Python is one of the most popular programming languages out there. It’s widely used across numerous domains. From building simple websites & APIs to highly scalable ERPs and e-commerce systems, high-performing games, interactive GUIs, intelligent data solutions, machine learning, AI, automation, scientific and numeric computing – it’s literally everywhere in the software universe.
Read this insight to find out 20+ python development tools and libraries used by python development services companies to develop stellar digital solutions.
Tools & Libraries for awesome python developers:
As of Q3 2020, there are around 9 million python developers. And these developers make use of different tools and python libraries to boost their productivity, business agility, and quality of software they build. With Python, like other programming languages, you’ve a multitude of options to choose from for any given task. Here, we have listed some 20+ tools and libraries which are popular among Python developers. Let’s start exploring.
PyCharm: Integrated Development Environment (IDE)
Developed by JetBrains, PyCharm is one of the most popular IDEs for Python developers. It’s an intelligent cross platform IDE developed in Java and Python itself. PyCharm is available for Windows, Mac, and Linux. It’s USP includes
- Language aware code-editor with auto completion, error detection, and code fixes
- Smart navigation & code refactorings
- Internal debugger, tester, and profiler
- Remote development & automated deployment capabilities
- Built in database tools
- Integration with major VCS, as well as with Docker & Vagrant to manage your code and infrastructure
- Framework specific support for Django, flask, Pyramid, Google App Engine, web2py
Pip, Pipenv, pip-tools, Conda, Poetry : Package Installers & Dependency Management Tools
- Pip is the most popular among Python developers for finding, downloading, and installing PyPI packages. It’s included with the modern versions of Python. But as highlighted earlier, Python is used for diverse use cases and based on your specific needs, you may want to explore following Python package installers and dependency managers:
- Virtualenv is a tool to create isolated virtual environments in Python. It’s similar to venv. Virtualenv enables you to configure, maintain, duplicate, troubleshoot virtual environments, and supports Python2.7 too, which venv does not.
- Pipenv brings the strengths of pipfile, pip, and virtualenv in one package. It is recommended for collaborative projects, though it’s less maintained compared to pip.
- Pip-tools is another application dependency management tool used to build your own custom workflows, update all dependencies, and specify layers of constraints for the program to obey.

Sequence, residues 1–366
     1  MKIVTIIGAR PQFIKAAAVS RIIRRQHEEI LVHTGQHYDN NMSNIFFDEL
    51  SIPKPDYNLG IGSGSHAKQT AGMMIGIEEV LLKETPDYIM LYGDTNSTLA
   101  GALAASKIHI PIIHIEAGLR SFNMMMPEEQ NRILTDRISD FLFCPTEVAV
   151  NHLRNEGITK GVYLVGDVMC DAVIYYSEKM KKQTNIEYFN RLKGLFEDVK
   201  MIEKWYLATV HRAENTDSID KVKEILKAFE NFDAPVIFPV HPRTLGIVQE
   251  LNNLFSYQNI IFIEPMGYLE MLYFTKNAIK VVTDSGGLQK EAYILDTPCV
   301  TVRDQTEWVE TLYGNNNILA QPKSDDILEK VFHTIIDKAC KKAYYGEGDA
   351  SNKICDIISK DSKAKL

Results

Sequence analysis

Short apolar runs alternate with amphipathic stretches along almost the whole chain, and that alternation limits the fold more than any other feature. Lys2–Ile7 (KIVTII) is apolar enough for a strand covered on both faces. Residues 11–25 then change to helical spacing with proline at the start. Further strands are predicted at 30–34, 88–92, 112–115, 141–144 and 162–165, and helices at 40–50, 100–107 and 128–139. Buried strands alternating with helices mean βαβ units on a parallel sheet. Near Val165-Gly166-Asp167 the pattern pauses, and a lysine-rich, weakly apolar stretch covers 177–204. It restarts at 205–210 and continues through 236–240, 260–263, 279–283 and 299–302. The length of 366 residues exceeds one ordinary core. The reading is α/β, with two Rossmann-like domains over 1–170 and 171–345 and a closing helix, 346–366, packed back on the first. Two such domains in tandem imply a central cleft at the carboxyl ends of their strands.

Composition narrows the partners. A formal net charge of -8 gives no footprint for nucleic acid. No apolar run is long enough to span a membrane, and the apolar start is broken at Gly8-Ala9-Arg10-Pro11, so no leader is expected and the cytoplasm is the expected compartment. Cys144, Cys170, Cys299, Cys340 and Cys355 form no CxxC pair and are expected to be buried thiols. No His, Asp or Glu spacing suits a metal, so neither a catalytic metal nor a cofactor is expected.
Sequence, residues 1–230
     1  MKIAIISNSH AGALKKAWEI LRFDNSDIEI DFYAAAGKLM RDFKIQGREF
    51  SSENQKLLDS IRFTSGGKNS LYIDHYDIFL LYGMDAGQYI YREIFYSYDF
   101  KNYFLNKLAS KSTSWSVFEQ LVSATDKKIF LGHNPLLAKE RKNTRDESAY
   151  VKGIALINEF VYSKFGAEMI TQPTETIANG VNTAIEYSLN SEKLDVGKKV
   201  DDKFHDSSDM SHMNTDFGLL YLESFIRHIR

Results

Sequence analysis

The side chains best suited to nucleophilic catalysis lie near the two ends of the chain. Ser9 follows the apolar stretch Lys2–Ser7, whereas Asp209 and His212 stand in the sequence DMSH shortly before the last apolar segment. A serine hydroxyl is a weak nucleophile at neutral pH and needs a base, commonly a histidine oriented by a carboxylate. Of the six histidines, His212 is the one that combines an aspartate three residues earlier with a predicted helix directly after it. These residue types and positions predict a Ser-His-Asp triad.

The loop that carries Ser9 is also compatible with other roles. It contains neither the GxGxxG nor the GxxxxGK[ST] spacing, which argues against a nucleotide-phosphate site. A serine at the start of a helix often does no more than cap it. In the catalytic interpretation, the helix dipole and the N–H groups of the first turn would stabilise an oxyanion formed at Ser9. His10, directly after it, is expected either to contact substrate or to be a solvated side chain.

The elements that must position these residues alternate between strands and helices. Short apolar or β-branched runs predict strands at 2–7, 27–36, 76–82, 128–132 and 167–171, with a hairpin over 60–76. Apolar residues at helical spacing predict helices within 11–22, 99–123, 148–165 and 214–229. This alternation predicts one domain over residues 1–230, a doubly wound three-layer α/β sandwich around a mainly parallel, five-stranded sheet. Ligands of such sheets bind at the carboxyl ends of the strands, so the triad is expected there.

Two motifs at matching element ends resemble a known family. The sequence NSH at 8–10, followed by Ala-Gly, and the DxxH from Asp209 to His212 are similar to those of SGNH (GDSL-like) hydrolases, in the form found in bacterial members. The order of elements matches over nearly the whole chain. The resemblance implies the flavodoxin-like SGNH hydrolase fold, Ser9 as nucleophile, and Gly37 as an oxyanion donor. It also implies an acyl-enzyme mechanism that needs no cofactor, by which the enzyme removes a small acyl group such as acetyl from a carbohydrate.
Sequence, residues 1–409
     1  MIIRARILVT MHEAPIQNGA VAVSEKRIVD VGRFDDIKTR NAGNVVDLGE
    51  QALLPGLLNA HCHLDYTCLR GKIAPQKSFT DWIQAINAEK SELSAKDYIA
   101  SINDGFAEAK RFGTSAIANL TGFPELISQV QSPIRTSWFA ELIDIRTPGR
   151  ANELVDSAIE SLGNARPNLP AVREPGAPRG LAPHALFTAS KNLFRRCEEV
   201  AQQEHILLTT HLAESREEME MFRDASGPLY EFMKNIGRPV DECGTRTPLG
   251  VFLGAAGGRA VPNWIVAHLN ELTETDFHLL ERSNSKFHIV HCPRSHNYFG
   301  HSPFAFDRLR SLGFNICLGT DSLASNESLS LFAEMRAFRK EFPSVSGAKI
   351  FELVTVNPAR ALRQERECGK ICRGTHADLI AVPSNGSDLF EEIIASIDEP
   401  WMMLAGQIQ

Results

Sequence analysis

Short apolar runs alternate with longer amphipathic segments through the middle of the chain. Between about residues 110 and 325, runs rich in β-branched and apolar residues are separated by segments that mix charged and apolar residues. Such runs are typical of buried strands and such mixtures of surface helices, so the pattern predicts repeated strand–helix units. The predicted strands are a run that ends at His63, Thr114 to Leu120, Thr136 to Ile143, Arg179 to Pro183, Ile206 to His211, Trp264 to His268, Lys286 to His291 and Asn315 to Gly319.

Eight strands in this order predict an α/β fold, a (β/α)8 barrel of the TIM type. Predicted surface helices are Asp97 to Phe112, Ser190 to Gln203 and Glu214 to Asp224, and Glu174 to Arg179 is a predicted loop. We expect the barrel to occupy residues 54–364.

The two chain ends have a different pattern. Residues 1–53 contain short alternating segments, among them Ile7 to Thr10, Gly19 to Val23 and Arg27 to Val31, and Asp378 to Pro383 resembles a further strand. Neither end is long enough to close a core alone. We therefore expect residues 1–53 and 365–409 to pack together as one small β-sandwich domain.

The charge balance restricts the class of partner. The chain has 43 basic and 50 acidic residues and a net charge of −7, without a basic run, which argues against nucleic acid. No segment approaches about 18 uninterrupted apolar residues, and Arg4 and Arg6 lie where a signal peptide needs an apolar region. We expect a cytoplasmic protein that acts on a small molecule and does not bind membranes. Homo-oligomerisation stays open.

- Poetry helps you with dependency installation & isolation, package building & packaging. It caches dependency metadata to speedup the installation, and updation processes. Besides, it has its own dependency resolver too.
- Conda is used to install packages from Anaconda Python installations. It’s popular among those users who use Python for scientific uses, and is also preferred on Windows environments as it makes binary-extension installations an easy task.
MyPy, Black, Coala, PyLint, iSort, Yapf: Code Linters And Formatters
Code Linters automatically checks your source code for programmatic, stylistic, and standard rule violation errors. The intent behind using Linters is to spot and fix vulnerabilities early in the development phase before your code is reviewed and tested, accelerate development, and save some bucks. Formatters make your code look pretty by improving horizontal and vertical style consistency. Here are some of the popular Linters and Formatters in Python:
- Black is a non-configurable Python code formatter. You can only configure line-length in Black. Black reformats the target source code by introducing uniform vertical and horizontal spaces. It reformats the source file by ignoring the existing formatting. Also,it prefers parentheses over slashes and tries to fit the entire expression in a single line delimited by the line-length. Read more about its formatting style.
- PyLint is the most popular descriptive linting tool for Python developers. It checks for bugs, and performs quality checks by checking for line lengths, variable names are as per project conventions or standard. PyLint is configurable at the project, user, and the global level.
- Yapf is highly configurable yet another python formatter maintained by Google. The USP of yapf is that it takes in the source and reformats it to conform to the best style guide. It’s similar to the gofmt tool for the Go programmers.
- iSort is a very useful command line utility tool for Python developers, it automatically sorts all your imports alphabetically and groups them based on their type. It requires Python 3.6 and can also be used from within editors if it’s available as the supported plugin.